menu_group only takes one argument - :pull - this moves the group left or right when passed :left or :right.

menu_item generates a link wrapped in an li tag. It takes two arguments and an options hash. The first argument is the name (the text that will appear in the menu), and the path (which defaults to "#" if left blank). The rest of the options are passed straight through to the link_to helper, so that you can add classes, ids, methods or data tags etc.

<%= nav_bar :fixed => :top, :brand => "Ninety Ten" do %>
    <% menu_group do %>
        <%= menu_item "Home", root_path %>
        <%= menu_item "About Us", about_us_path %>
        <%= menu_item "Contact", contact_path %>
    <% end %>
    <% if current_user %>
        <%= menu_item "Log Out", log_out_path %>
    <% else %>
        <% menu_group :pull => :right do %>
            <%= menu_item "Sign Up", registration_path %>
            <% form_for @user, :url => session_path(:user) do |f| -%>
              <p><%= f.text_field :email %></p>
              <p><%= f.password_field :password %></p>
              <p><%= f.submit "Sign in" %></p>
            <% end -%>
        <% end %>
    <% end %>
<% end %>

Dropdown menus

For multi-level list options, where it makes logical sense to group menu items, or simply to save space if you have a lot of pages, you can group menu items into drop down lists like this:

<%= nav_bar do %>
    <%= menu_item "Home", root_path %>

    <%= drop_down "Products" do %>
        <%= menu_item "Latest", latest_products_path %>
        <%= menu_item "Top Sellers", popular_products_path %>
        <%= drop_down_divider %>
        <%= menu_item "Discount Items", discounted_products_path %>
    <% end %>

    <%= menu_item "About Us", about_us_path %>
    <%= menu_item "Contact", contact_path %>
<% end %>

Dividers

Dividers are just vertical bars that visually separate logically disparate groups of menu items

<%= nav_bar :fixed => :bottom do %>
    <%= menu_item "Home", root_path %>
    <%= menu_item "About Us", about_us_path %>
    <%= menu_item "Contact", contact_path %>

    <%= menu_divider %>

    <%= menu_item "Edit Profile", edit_user_path(current_user) %>
    <%= menu_item "Account Settings", edit_user_account_path(current_user, @account) %>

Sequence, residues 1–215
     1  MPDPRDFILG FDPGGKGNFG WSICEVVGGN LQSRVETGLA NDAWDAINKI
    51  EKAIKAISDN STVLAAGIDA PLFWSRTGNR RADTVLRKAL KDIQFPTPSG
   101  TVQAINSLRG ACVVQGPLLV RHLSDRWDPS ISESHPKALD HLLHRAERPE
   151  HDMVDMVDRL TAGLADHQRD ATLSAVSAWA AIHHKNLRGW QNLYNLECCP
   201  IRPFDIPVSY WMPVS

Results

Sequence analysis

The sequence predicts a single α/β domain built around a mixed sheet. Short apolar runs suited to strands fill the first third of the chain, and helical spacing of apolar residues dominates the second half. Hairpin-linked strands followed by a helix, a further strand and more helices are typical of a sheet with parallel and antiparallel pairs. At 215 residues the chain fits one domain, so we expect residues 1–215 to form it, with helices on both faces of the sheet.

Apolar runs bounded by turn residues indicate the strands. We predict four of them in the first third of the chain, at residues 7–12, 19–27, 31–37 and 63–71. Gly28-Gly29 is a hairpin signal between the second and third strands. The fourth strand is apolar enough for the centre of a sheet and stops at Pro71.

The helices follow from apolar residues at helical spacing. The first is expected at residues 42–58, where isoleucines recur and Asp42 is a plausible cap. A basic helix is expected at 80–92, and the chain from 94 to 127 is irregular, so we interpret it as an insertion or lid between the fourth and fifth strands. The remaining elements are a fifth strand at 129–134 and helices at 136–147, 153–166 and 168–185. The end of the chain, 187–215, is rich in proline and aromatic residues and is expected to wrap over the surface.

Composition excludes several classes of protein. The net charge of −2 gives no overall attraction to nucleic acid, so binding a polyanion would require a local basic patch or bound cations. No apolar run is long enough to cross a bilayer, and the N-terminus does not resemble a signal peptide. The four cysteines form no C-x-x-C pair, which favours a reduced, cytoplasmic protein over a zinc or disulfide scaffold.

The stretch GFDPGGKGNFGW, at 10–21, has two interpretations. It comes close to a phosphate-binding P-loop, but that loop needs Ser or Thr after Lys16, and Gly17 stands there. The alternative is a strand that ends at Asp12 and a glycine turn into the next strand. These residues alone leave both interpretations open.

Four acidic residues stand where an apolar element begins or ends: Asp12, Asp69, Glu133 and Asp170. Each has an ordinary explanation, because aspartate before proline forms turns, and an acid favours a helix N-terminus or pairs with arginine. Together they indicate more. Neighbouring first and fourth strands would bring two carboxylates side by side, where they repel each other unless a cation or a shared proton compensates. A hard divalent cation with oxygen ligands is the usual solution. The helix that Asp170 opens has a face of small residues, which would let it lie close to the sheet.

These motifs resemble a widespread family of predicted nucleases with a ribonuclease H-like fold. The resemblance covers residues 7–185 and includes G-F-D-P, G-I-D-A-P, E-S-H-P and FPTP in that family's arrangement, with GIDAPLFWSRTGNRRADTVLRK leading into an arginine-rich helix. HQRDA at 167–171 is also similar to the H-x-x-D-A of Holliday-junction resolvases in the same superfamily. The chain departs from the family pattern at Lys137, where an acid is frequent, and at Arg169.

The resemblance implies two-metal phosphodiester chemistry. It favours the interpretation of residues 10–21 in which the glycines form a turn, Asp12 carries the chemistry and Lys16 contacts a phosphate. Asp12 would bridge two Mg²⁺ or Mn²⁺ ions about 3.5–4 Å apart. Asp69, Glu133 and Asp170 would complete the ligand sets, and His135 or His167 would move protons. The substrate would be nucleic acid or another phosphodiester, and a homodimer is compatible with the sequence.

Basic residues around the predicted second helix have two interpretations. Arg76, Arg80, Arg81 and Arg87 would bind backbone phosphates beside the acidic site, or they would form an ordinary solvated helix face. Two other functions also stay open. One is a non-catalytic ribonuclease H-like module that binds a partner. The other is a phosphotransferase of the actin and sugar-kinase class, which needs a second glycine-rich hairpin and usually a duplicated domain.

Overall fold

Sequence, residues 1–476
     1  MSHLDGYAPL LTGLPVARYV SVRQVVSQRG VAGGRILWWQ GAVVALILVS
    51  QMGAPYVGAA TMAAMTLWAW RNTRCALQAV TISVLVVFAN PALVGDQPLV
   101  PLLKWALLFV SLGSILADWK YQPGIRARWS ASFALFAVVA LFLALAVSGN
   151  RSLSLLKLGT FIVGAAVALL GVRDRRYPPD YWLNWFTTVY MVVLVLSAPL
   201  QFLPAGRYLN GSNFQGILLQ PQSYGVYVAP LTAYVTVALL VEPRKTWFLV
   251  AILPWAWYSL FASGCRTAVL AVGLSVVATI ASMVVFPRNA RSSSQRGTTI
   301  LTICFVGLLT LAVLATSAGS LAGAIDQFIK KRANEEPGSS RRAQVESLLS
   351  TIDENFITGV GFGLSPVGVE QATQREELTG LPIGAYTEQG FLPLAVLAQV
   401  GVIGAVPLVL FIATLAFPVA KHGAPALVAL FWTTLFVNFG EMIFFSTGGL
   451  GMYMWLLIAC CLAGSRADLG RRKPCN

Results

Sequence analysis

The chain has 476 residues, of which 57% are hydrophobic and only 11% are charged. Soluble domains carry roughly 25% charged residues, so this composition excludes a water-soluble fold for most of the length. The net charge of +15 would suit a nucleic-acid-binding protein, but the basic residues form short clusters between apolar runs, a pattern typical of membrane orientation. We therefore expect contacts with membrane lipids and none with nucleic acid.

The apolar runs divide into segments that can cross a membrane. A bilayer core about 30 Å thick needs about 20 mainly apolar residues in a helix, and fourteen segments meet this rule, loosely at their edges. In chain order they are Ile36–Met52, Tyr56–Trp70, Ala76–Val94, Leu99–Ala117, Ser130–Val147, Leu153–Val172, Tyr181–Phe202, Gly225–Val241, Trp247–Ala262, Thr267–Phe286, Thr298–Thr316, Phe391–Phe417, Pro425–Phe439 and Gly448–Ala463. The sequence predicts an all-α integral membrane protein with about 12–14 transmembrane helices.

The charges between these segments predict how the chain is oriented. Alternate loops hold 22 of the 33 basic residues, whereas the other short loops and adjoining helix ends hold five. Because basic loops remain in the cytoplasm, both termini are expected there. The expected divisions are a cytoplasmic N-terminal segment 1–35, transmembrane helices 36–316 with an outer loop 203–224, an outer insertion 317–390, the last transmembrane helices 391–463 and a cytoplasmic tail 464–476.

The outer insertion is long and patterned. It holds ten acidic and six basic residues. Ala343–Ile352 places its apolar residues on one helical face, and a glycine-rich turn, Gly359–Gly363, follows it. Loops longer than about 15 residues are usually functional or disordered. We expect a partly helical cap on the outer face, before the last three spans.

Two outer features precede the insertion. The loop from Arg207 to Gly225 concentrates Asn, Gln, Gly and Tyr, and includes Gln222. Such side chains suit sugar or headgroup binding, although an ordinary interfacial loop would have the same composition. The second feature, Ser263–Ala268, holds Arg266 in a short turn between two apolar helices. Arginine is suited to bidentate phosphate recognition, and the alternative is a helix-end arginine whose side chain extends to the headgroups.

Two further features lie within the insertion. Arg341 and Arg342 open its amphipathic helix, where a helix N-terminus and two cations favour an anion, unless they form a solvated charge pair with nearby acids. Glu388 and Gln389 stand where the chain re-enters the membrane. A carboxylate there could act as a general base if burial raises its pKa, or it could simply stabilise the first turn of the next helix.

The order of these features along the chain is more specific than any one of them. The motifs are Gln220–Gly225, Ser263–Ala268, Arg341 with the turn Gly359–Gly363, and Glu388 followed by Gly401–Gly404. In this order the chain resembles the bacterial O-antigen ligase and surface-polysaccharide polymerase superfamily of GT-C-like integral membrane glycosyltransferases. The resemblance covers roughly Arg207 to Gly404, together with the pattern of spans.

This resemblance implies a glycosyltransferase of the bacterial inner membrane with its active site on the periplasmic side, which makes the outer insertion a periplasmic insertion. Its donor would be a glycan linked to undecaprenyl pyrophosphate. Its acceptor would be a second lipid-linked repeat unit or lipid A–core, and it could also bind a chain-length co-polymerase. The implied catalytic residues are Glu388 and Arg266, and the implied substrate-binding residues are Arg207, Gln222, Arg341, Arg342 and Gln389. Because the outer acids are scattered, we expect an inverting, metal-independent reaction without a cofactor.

<%= menu_item "Log Out", log_out_path %>
<% end %>

Forms in navbar

At the moment - this is just a how to...

You need to add this class to the form itself (Different form builders do this in different ways - please check out the relevant docs)

.navbar-form

To pull the form left or right, add either of these classes:

.pull-left
.pull-right

If you want the Bootstrap search box (I think it just rounds the corners), use:

.navbar-search

Instead of:

.navbar-form

To change the size of the form fields, use .span2 (or however many span widths you want) to the input itself.

Component alignment

You can shift things to the left or the right across the nav bar. It's easiest to do this on grouped menu items:

<%= nav_bar :fixed => :bottom do %>
    <% menu_group do %>
        <%= menu_item "Home", root_path %>
        <%= menu_item "About Us", about_us_path %>
        <%= menu_item "Contact", contact_path %>
    <% end %>
    <% menu_group :pull => :right do %>
        <%= menu_item "Edit Profile", edit_user_path(current_user) %>
        <%= menu_item "Account Settings", edit_user_account_path(current_user, @account) %>
        <%= menu_item "Log Out", log_out_path %>
    <% end %>
<% end %>

Text in the navbar

If you want to put regular plain text in the navbar anywhere, you do it like this:

<%= nav_bar :brand => "Apple" do %>
    <%= menu_text "We make shiny things" %>
    <%= menu_item "Home", root_path %>
    <%= menu_item "About Us", about_us_path %>
<% end %>

It also takes the :pull option to drag it to the left or right.

Contributing

This is my first ever published gem - so please feel free to pull it apart and fix bits that are dumb. One of my biggest problems was getting Rspec to test it properly (only just bitten the bullet and gone full TDD). Cleaning up the specs would be a good place to start.

I'm guessing also that there's a much nicer way of doing the whole thing using Rails' form_builder approach, but this was where TDD got me...

  1. Fork it
  2. Create your feature branch (git checkout -b my-new-feature)
  3. Commit your changes (git commit -am 'Added some feature')
  4. Push to the branch (git push origin my-new-feature)
  5. Create new Pull Request